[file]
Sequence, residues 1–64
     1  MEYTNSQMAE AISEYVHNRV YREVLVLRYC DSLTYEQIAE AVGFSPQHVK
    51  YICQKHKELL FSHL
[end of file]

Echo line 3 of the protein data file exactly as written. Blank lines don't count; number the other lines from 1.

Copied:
    51  YICQKHKELL FSHL